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Autumn

by Anne Bradstreet

Anne Bradstreet, American poet, was born in Northhampton, England, in 1612, and died on September 16, 1672 in North Andover, Massachusetts. Bradstreet was the first woman to publish a book of poetry in America. The poems were published using an anonymous author, but it was widely known who the true writer was.

 

Of Autumn moneths September is the prime, 
Now day and night are equal in each Clime, 
The twelfth of this Sol riseth in the Line, 
And doth in poizing Libra this month shine. 
The vintage now is ripe, the grapes are prest, 
Whose lively liquor oft is curs'd and blest: 
For nought so good, but it may be abused, 
But its a precious juice when well its used. 
The raisins now in clusters dryed be, 
The Orange, Lemon dangle on the tree: 
The Pomegranate, the Fig are ripe also, 
And Apples now their yellow sides do show. 
Of Almonds, Quinces, Wardens, and of Peach, 
The season's now at hand of all and each, 
Sure at this time, time first of all began, 
And in this moneth was made apostate man: 
For then in Eden was not only seen, 
Boughs full of leaves, or fruits unripe or green, 
Or withered stocks, which were all dry and dead, 
But trees with goodly fruits replenished; 
Which shows nor Summer, Winter nor the Spring 
Our Grand-Sire was of Paradice made King: 
Nor could that temp'rate Clime such difference make,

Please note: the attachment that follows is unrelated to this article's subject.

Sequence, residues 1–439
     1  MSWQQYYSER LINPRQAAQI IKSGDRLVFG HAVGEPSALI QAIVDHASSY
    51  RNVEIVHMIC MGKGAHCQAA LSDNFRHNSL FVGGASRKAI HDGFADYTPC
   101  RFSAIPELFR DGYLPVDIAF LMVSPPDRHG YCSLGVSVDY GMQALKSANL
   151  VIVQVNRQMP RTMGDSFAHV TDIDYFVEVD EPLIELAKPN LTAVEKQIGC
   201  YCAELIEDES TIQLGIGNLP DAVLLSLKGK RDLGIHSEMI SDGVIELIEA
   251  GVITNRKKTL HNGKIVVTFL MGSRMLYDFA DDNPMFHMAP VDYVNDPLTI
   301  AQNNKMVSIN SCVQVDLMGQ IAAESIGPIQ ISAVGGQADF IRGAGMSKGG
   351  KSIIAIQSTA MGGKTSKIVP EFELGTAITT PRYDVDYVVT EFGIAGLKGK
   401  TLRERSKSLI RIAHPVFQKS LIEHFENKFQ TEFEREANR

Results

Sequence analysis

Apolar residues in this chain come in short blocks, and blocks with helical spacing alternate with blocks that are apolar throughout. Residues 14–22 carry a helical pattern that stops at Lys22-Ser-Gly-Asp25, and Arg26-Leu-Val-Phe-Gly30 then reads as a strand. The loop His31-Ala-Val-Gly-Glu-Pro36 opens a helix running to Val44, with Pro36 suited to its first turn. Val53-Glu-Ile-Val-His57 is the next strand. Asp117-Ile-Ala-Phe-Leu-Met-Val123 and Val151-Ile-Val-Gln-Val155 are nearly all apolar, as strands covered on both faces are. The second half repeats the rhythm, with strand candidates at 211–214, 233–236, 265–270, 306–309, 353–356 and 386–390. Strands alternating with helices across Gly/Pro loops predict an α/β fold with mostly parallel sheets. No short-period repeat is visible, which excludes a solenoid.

If cited as the most Judicious take. 
October is my next, we hear in this 
The Northern winter-blasts begin to hip, 
In Scorpio resideth now the Sun, 
And his declining heat is almost done. 
The fruitless trees all withered now do stand, 
Whose sapless yellow leavs, by winds are fan'd 
Which notes when youth and strength have passed their prime 
Decrepit age must also have its time.

The Sap doth slily creep toward the Earth 
There rests, until the Sun give it a birth. 
So doth old Age still tend until his grave, 
Where also he his winter time must have; 
But when the Sun of righteousness draws nigh, 
His dead old stock, shall mount again on high. 
November is my last, for Time doth haste, 
We now of winters sharpness 'gins to taste 
This moneth the Sun's in Sagitarius, 
So farre remote, his glances warm not us. 
Almost at shortest, is the shorten'd day, 
The Northern pole beholdeth not one ray, 
Nor Greenland, Groanland, Finland, Lapland, see 
No Sun, to lighten their obscurity; 
Poor wretches that in total darkness lye, 
With minds more dark then is the dark'ned Sky. 
Beaf, Brawn, and Pork are now in great request, 
And solid meats our stomacks can digest. 
This time warm cloaths, full diet, and good fires, 
Our pinched flesh, and hungry marres requires; 
Old cold, dry Age, and Earth Autumn resembles, 
And Melancholy which most of all dissembles. 
I must be short, and shorts the short'ned day, 
What winter hath to tell, now let him say.

 

Source: Anne Bradstreet And Her Time, By Helen Campbell, 1891


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